Some words to the wise: Never get bogged down in a land war in Asia. And if you’re going to run a five kilometer race, in Asia or elsewhere, don’t fall down.

And definitely don’t fall down twice.

Falling down tends to slow you down, interferes with your race time and allows you to be beaten to the finish line by the guy in the Super Mario computer game Halloween costume and the woman in her eighth month of pregnancy. It also, incidentally, will rip up your knees, scorch your hands, crumple your arm and make you start seriously wondering why you weren’t home eating Cheetos.

Or so I’m told.

I speak here, of course, hypothetically. Because absolutely nothing like this has ever happened to me, the Western Hemisphere’s slowest and most careful runner. But if it did, it might have happened something like this.

Somewhere around the middle of a recent race, in the middle of the deep woods, on a bumpy dirt trail, there was a rock or a tree root or a hardened, stale Twinkie silently sticking up from the trail. No one else was looking for it, no one else could find it, but I did!

I could have missed it, of course, like the rest of the runners did, but I’d show them how I still had my unerring sense of direction — without a GPS! My left foot easily found the obstacle.

I stumbled. You know that millisecond, when you stumble, when you truly believe you’ll be able to right yourself and continue on like before? This wasn’t that millisecond.

I crashed to the ground, landing on my knees, my hands, my arm, my side, my pride. A fellow runner stopped to ask if I was OK. We have this special code among runners — when asked if we’re OK, we always collegially respond: No, you idiot, I just crashed to the ground, landing on my knees, my hands, my arm, my side, my pride. I’m bleeding and I want to be home eating Cheetos.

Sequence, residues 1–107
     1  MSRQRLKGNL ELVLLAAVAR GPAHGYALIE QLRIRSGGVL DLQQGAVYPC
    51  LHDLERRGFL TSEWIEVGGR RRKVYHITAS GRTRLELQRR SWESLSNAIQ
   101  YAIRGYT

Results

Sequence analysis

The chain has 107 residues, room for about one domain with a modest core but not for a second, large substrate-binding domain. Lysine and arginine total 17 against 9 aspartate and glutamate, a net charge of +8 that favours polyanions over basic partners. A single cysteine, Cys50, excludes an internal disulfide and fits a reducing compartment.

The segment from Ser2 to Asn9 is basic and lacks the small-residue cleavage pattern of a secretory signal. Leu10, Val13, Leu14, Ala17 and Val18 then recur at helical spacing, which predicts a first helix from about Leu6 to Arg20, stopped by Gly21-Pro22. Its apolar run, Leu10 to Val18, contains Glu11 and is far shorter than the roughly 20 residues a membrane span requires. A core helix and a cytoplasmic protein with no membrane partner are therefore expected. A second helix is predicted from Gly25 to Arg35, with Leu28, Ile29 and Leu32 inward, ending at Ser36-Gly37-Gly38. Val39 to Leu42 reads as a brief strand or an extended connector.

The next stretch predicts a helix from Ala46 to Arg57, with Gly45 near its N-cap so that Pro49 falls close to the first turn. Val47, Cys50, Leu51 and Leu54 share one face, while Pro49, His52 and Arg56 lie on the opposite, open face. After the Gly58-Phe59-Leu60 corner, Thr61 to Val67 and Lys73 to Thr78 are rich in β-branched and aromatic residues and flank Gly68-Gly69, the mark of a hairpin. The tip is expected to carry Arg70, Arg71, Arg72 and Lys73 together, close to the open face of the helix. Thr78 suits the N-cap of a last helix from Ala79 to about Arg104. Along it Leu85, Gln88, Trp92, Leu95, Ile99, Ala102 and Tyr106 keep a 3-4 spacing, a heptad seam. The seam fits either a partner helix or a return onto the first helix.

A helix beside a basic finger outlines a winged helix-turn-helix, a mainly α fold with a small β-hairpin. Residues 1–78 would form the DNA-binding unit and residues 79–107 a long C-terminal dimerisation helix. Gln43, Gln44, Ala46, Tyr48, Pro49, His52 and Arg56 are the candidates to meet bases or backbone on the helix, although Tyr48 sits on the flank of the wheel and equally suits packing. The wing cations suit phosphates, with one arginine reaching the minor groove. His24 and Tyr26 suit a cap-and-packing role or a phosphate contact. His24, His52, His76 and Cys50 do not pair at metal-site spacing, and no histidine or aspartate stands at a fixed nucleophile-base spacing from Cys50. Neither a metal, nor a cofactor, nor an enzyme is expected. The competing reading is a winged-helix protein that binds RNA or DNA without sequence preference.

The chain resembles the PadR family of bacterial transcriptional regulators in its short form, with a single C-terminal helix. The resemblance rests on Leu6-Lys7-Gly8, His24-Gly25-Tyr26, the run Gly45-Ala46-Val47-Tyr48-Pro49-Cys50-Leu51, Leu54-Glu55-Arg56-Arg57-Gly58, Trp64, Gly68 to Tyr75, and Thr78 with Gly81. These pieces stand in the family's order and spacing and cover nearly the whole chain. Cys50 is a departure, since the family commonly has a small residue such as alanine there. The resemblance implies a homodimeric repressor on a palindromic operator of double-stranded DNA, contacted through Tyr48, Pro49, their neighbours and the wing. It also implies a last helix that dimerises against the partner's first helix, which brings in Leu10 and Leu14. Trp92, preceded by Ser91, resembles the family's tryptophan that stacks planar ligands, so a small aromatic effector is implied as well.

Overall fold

After that warm exchange of camaraderie, I got up and continued to run. For about another half mile or so.

That’s when my foot hit another bump in the ground and I took another tumble. But this was completely different from the first tumble. At no time, during this tumble, did I ever truly believe I’d be able to right myself and continue on like before.

Nevertheless, I got up and continued on like before. We have a code among runners: Keep going until you can damage another part of your body.

It would be nice to add now that, despite the tumbles, despite the damage to my pride, I raced to the finish line and was greeted with acclaim. Actually, I was greeted by Super Mario and the pregnant lady, who not only already had finished, but weren’t even bleeding.

Both of them appeared to be eating Cheetos.